If you’ve had Type 2 diabetes for a number of years, there’s a good chance you’re taking at least one drug to help control your blood glucose levels and possibly two or more drugs, including insulin. Any changes made to your prescriptions will most likely have been based on problems you’ve had with previous therapies, including less than adequate blood glucose control.
While changes to your medical needs are a key factor in what your doctor prescribes, it’s also true that outside factors play a role – after all, new diabetes drugs are constantly being introduced and certain older drugs may fall out of favor.
Drugs ups and downs
A study published in November 2017 in the journal Diabetes Care sheds some light on prescribing practices over the last few years. Using electronic medical records researchers looked at the drugs prescribed to over 1 million people, ages 18 to 80, with Type 2 diabetes between 2005 and 2016. They identified drugs used as first-line treatments, as well as those added later if needed to help boost blood glucose control.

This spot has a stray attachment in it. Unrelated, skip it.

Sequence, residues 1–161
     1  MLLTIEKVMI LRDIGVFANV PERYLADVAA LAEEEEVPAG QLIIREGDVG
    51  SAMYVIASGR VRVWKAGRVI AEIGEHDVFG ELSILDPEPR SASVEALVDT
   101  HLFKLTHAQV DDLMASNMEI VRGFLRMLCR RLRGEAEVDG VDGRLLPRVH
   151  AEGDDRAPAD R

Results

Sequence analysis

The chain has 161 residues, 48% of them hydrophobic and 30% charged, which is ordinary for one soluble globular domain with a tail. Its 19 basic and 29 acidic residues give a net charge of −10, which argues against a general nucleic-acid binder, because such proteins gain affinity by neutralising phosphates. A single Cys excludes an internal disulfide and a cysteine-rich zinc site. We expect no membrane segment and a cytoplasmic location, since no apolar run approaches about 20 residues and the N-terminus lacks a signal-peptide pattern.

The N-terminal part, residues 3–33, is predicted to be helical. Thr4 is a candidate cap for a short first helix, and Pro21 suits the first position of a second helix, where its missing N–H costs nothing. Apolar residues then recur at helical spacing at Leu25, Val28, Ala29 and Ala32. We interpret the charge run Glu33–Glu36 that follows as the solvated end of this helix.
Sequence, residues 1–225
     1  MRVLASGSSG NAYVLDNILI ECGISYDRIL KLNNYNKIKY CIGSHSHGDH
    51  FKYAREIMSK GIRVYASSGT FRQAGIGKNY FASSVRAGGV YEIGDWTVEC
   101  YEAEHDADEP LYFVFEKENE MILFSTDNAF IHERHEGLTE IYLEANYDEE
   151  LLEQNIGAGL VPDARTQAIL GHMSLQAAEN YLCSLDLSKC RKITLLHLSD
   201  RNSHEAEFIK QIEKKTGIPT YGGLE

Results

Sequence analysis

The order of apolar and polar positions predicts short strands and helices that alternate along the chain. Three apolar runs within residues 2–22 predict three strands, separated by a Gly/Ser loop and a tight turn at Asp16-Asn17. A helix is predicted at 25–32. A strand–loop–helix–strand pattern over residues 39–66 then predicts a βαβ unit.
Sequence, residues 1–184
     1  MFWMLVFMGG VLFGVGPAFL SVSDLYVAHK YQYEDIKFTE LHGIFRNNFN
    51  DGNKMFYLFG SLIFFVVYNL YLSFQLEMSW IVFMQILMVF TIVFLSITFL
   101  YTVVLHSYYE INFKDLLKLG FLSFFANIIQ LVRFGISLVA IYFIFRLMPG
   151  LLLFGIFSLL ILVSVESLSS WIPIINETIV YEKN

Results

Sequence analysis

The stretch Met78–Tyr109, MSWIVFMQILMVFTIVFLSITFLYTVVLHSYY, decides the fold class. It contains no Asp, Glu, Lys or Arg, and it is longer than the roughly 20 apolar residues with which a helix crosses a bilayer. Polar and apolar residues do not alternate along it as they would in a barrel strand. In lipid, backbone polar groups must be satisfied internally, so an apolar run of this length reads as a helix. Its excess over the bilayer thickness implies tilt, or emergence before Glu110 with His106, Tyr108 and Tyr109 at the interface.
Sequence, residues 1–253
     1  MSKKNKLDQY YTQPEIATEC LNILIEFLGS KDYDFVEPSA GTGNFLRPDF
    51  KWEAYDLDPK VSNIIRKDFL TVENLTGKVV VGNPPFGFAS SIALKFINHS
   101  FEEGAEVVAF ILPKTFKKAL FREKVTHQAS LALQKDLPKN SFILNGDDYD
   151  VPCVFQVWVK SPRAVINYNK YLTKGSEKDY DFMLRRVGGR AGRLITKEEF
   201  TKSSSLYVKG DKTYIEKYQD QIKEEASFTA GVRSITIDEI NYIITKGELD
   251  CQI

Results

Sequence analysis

As noted in an article on the study at Healio, the most popular first-line drug in both 2005 and 2016 was metformin. But over that period, it grew even more popular from a share of 60% of study participants to 77%. At the same time, use of sulfonylureas as a first-line treatment dropped from 20% to 8%, and the rate for thaizolidinediones dropped from 11% to 0.7%. The use of insulin as a first-line treatment stayed similar, rising slightly from 8% to 10%.
In s study published in November 2017 in the journal Pharmacoepidemiology & Drug Safety researchers looked at the risk of hypoglycemia associated with different kinds of oral diabetes drugs. They only looked at drugs taken alone for first-line treatment of Type 2 diabetes including metformin, sulfonylureas, meglitinides and thiazolidinediones. The outcome used for their analysis was severe hypoglycemia within 180 days of starting on the drug.